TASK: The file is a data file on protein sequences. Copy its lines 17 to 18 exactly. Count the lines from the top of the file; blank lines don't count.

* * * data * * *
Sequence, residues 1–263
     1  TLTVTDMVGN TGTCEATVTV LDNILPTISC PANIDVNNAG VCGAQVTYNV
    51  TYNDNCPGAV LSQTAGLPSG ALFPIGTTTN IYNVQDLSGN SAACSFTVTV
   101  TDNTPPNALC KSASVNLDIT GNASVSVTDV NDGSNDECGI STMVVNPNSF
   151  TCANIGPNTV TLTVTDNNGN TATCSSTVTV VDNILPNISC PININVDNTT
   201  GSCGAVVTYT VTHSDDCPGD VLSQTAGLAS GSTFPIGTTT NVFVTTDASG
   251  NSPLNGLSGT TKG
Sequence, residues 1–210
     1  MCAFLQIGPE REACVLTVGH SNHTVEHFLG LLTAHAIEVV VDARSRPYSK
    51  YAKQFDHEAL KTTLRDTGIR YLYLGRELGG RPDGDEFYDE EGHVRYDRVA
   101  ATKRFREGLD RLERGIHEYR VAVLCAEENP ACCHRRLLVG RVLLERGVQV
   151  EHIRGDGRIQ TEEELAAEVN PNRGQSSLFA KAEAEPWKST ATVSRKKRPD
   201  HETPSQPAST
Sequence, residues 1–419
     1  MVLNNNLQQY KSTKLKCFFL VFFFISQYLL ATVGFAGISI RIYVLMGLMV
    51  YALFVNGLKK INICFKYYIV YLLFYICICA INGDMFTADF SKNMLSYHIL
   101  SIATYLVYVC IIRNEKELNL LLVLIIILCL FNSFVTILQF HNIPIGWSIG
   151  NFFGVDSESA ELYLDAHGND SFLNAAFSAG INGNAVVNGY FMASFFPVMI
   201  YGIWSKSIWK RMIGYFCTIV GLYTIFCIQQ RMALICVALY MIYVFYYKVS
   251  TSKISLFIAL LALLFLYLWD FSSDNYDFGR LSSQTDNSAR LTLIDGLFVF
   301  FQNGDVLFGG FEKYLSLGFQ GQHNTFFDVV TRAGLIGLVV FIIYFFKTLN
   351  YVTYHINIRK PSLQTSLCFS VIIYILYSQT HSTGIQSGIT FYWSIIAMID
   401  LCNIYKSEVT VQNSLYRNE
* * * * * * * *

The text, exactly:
   101  SIATYLVYVC IIRNEKELNL LLVLIIILCL FNSFVTILQF HNIPIGWSIG
   151  NFFGVDSESA ELYLDAHGND SFLNAAFSAG INGNAVVNGY FMASFFPVMI